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is there a difference between move and forward here:

void test(int && val)
{
    val=4;
}

void main()
{  
    int nb;
    test(std::forward<int>(nb));
    test(std::move(nb));
    std::cin.ignore();    
}
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2 Answers 2

up vote 29 down vote accepted

In your specific case, no, there isn't any difference.

Detailed answer:

Under the hood, std::move(t) does static_cast<typename std::remove_reference<T>::type&&>(t), where T is type of t (see §20.2.3/6). In your case, it resolves to static_cast<int&&>(nb).

forward is a little bit tricky, because it is tailored for use in templates (to allow perfect forwarding) and not as a tool to cast lvalue to rvalue reference.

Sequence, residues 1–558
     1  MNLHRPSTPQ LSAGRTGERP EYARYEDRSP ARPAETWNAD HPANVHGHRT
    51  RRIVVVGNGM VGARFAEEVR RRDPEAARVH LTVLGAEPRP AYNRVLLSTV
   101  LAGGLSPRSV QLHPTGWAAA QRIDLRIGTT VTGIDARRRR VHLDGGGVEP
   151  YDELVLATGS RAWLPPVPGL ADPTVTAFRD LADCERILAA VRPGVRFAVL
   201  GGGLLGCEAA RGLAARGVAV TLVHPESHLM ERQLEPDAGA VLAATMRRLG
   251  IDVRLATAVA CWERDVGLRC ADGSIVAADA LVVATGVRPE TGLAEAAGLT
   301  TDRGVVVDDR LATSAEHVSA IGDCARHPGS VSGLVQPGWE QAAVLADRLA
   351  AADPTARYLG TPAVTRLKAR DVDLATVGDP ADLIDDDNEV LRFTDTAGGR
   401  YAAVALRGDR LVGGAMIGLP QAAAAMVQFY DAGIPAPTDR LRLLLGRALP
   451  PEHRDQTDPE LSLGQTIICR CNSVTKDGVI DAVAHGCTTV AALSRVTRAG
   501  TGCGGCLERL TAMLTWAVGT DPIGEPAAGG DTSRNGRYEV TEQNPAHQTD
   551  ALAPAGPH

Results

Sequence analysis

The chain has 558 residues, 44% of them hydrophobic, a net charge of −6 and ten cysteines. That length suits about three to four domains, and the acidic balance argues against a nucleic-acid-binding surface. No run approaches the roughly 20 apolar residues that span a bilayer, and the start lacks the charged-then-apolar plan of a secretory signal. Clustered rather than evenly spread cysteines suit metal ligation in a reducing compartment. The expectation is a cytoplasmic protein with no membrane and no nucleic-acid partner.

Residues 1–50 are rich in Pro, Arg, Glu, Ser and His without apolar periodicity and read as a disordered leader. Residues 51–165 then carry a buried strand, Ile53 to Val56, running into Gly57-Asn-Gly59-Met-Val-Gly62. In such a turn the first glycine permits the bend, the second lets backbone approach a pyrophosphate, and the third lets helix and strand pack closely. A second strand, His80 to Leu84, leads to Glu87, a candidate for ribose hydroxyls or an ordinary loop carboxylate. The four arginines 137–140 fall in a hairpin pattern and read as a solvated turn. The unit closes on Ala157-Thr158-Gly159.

Standard library provides two overloads (one for lvalue references and the second for rvalue ones, see §20.2.3/2):

template <class T> T&& forward(typename remove_reference<T>::type& t) noexcept;
template <class T> T&& forward(typename remove_reference<T>::type&& t) noexcept;

Substituting int, we get:

int&& forward(int& t) noexcept;
int&& forward(int&& t) noexcept;

And since nb is lvalue, the first version is chosen. According to standard draft, the only effect of forward is static_cast<T&&>(t). With T being int, we get static_cast<int&&>(nb), i.e. - we get two exactly same casts.

Now, if you want to cast lvalue to rvalue (to allow moving), please use only std::move, which is the idiomatic way to do this conversion. std::forward is not intended to be used this way.

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+1 Nice details. –  Howard Hinnant Jul 29 '11 at 3:03

No difference.


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